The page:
“We are creating a Utopian village out of Live Layers full of endless experiences, which makes the community alive, exciting and full. This is our charter: science, music, spirituality, constantly curating and inventing very healthy routines, that stimulate you.”

On March 12, there will be a town meeting to discuss the project. At least one local who plans on attending does not expect it to be a quiet affair.

Map of proposed Starkdale Park development in Pawling, New York.

The Starkdale Park proposal outlines a hotel, residences, a new “village square,” hiking trails and various other facilities for outdoor recreation.

Jonathan Leitersdorf stands pointing at projection, giving a presentation.

Architect developer Jonathan Leitersdorf is behind the Starksdale Park plan.

“It will be a zoo,” Joann Bonavenia, 52, who arrived in Pawling with her family in 1975 from Long Island, told The Post. “There are a lot of people not happy with it.

“They will turn a farm setting into something that is busy and crazy with people from outside of the area. Right now the road [leading up to Starkdale] is a quiet road. Introduce a big resort and it’s not so quiet anymore.”

She also found the proposal’s mention of Blue Zones, which are typically discovered not created, confusing.

Michael Zachmann sits in a sports bar.

Michael Zachmann is concerned that Starkland Park will bring in something that is not for the community. Courtesy of Michael Zachmann

“Is it really a Blue Zone? Or are they just spinning it? We don’t know where this is headed. It’s not warranted in our town and it’s not needed. We already have places to live,” she said. “Why would we want to go over there? Nothing is making sense right now.”

A representative for Blue Zones, which were identified and coined by National Geographic fellow Dan Buettner, said it is in no way involved with Starkdale Park.

The official Blues Zones organization is, however, working with other “Project Communities” across the US to promote longevity. Last year, a top scientist questioned the data behind the initial Blues Zones concept, calling the idea “fraudulent.”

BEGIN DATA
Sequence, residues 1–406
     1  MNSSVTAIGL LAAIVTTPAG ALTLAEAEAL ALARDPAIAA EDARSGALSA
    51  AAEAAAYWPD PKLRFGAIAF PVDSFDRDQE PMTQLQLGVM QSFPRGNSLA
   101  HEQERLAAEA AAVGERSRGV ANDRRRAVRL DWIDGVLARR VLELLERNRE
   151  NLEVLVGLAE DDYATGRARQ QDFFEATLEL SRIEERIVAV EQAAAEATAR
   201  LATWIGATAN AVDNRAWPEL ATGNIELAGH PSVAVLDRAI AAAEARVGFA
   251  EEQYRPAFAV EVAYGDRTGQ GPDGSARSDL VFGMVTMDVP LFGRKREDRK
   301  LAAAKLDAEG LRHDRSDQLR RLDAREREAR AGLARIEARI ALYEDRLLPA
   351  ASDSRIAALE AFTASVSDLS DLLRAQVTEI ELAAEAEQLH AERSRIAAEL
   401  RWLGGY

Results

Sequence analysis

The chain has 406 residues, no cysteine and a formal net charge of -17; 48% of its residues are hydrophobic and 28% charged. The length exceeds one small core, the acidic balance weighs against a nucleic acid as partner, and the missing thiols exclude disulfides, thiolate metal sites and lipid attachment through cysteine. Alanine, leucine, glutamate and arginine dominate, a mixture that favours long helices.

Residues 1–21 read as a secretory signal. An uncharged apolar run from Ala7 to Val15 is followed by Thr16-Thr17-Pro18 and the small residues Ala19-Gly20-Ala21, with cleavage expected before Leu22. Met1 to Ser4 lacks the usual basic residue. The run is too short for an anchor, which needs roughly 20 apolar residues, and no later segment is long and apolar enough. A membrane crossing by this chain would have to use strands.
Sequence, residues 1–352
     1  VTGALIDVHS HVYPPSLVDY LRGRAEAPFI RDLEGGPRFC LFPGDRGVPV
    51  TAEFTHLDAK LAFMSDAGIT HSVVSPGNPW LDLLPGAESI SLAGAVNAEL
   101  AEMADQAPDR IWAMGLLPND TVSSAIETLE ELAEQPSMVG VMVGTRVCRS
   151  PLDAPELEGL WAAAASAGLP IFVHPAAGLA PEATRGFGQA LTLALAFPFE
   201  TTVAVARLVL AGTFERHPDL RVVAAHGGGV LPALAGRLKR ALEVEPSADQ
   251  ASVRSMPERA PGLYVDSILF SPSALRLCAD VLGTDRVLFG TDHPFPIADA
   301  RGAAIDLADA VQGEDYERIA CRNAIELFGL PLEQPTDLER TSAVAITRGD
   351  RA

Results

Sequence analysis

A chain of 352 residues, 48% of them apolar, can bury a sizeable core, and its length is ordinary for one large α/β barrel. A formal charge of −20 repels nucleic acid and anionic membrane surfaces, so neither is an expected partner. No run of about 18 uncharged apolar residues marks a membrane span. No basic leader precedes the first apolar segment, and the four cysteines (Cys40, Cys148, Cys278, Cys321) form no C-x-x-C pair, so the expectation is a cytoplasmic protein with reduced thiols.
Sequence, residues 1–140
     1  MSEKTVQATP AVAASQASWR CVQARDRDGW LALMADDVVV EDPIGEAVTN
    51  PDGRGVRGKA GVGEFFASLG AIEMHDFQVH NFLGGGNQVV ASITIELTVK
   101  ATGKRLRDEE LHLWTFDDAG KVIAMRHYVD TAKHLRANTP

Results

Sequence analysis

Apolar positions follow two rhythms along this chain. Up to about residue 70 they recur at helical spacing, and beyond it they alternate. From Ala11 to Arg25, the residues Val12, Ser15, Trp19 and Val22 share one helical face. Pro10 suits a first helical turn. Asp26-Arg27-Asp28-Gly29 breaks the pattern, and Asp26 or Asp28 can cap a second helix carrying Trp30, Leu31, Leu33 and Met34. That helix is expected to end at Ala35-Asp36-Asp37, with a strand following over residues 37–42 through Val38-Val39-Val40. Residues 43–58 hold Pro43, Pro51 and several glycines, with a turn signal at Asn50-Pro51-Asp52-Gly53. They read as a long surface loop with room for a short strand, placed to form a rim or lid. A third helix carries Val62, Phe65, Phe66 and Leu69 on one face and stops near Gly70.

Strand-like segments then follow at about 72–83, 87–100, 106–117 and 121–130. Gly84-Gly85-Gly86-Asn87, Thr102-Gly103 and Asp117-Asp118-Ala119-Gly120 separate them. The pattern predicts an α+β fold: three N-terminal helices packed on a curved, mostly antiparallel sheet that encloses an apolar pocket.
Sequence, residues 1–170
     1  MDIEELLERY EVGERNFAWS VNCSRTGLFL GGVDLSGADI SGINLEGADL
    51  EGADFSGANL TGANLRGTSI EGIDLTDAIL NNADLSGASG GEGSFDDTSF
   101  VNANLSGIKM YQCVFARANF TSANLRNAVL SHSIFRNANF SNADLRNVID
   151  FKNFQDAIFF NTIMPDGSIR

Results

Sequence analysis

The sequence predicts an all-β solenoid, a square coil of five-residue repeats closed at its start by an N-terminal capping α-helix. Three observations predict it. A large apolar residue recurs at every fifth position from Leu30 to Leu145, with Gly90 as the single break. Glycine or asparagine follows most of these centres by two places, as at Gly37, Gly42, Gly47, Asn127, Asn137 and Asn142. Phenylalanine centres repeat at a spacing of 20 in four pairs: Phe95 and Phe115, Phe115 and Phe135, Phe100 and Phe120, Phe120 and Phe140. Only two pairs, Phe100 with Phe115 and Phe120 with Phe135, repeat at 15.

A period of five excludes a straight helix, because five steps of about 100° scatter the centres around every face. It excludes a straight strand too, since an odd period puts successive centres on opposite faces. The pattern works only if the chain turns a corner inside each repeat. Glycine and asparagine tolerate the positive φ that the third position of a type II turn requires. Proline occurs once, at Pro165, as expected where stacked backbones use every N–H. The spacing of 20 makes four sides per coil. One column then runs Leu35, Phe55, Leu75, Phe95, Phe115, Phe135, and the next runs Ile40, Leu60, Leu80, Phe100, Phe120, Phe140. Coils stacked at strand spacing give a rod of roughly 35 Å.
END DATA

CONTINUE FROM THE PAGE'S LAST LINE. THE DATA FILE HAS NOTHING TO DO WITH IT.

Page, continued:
James Schmitt, Pawling town supervisor, stands on elaborate stairs.

James Schmitt, Pawling’s town supervisor, figures that the Starkdale Park people “want to take the temperature of the community.” Courtsey of James Schmitt

Leitersdorf and McCormack did not respond to requests for comment. Another architecture firm, New York City-based Hart Howerton, which is listed on the proposal, referred The Post to a public relations agency that did not respond.

James Schmitt, Pawling’s town supervisor, said that there are no public records showing the developers have bought the property and that no formal plans have been submitted.

“They want to see if the community wants them there,” Schmitt told The Post. “They want to take the temperature of the community before they do anything.”

Sign in Pawling, asking people to to not pet or feed horses

Some residents of Pawling are happy to be riding horses and living quiet lives. Zandy Mangold

The forecast is chilly.

“Starkdale Park will bring in something that is not for the community,” Michael Zachmann, 58, an electrician who has called Pawling home for nearly two decades, told The Post.

“It could be a real boon to the area. But it could be the death of the village.”

Colon agrees.

“I’d feel sad about losing the small town feel that we currently have. I have four kids and I want them to cherish that,” he said.